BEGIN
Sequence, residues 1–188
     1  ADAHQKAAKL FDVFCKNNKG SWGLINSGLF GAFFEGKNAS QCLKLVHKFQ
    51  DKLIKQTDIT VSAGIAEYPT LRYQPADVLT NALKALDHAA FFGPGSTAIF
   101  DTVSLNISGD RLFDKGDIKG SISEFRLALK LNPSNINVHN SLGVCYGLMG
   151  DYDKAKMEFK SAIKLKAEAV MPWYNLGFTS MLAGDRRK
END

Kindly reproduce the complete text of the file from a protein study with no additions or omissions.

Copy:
Sequence, residues 1–188
     1  ADAHQKAAKL FDVFCKNNKG SWGLINSGLF GAFFEGKNAS QCLKLVHKFQ
    51  DKLIKQTDIT VSAGIAEYPT LRYQPADVLT NALKALDHAA FFGPGSTAIF
   101  DTVSLNISGD RLFDKGDIKG SISEFRLALK LNPSNINVHN SLGVCYGLMG
   151  DYDKAKMEFK SAIKLKAEAV MPWYNLGFTS MLAGDRRK